Australia halts food imports from near Japan plant
Japan has already banned farm produce from areas near Fukushima power plant.
Sydney: Australia ordered a halt to food imports from areas of Japan near a crisis-hit nuclear plant that has leaked radiation, but insisted the risk to Australian consumers was negligible.
Food Standards Australia New Zealand (FSANZ) said a holding order had been put in place for Australia as a precaution on all foods originating from the Japanese prefectures of Fukushima, Gunma, Ibaraki and Tochigi.
Their major production is in milk, milk products, fresh fruit and vegetables, and both fresh and frozen seaweed and seafood.
The move follows a similar bar by the United States and the Chinese territory of Hong Kong, but does not apply to New Zealand.
FSANZ, a bi-national government agency, said its decision was consistent with other countries.
"FSANZ has requested the Australian Quarantine and Inspection Service to institute a holding order for all foods of interest originating from the Japanese prefectures of Fukushima, Gunma, Ibaraki and Tochigi," it said on its website on Thursday.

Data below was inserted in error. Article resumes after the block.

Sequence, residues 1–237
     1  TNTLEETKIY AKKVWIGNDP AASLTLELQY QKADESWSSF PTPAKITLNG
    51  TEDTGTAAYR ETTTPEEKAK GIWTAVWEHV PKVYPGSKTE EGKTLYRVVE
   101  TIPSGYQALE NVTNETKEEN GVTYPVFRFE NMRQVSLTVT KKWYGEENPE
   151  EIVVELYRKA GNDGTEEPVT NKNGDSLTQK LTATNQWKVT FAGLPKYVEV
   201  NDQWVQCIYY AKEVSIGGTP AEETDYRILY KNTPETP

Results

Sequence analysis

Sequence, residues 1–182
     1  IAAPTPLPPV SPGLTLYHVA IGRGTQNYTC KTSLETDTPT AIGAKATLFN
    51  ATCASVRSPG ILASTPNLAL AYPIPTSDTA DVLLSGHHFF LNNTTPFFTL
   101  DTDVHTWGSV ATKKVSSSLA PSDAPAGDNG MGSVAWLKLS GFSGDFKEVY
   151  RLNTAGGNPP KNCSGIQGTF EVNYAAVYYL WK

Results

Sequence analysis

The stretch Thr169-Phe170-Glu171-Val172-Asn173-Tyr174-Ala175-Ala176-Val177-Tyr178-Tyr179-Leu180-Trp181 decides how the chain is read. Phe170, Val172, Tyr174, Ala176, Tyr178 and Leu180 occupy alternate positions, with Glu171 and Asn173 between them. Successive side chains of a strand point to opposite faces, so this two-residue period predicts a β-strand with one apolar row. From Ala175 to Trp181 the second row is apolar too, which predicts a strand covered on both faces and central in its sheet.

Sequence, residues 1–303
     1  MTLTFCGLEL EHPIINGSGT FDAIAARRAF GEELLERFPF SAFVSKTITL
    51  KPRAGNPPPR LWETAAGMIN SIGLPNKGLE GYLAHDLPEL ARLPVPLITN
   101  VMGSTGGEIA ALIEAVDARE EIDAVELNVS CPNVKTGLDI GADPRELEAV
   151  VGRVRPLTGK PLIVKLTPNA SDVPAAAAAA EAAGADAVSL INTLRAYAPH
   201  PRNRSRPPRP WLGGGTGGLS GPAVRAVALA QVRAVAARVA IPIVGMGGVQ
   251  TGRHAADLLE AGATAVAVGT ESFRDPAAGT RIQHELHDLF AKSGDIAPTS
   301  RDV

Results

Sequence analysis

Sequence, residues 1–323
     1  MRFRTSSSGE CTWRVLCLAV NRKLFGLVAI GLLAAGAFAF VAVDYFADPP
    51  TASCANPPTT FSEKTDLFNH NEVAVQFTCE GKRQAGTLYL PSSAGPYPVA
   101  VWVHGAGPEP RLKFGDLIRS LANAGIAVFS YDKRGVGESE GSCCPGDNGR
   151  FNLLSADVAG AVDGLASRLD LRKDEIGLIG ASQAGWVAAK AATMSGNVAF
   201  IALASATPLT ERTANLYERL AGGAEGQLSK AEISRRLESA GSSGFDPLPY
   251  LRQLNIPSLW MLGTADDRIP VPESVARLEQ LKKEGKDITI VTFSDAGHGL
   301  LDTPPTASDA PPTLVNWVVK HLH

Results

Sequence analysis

"FSANZ remains of the view that the risk of Australian consumers being exposed to radionuclides in food imported from Japan is negligible."
Milk and milk products and fresh produce are not imported into Australia, while Japanese seaweed and seafood represent only a small proportion (5.5 percent and 0.46 percent respectively) of Australia`s total imports of these items.
While a ban is now in place, Australians have been told that Japanese food currently on the shelves is safe, given that it was imported before disaster hit the Pacific nation.
Japan has already banned farm produce from areas near the crippled Fukushima power plant, which was hammered by a powerful quake and tsunami on March 11, triggering a series of explosions and fires at the nuclear facility.
Engineers are hoping to restart the cooling systems of all six reactors that were knocked out by the 14-metre (46-foot) tsunami, and have already reconnected the wider facility to the national power grid.
But radiation fears rose again on Wednesday when Tokyo warned that radioactive iodine over twice the safe level for infants had been detected in its tap water.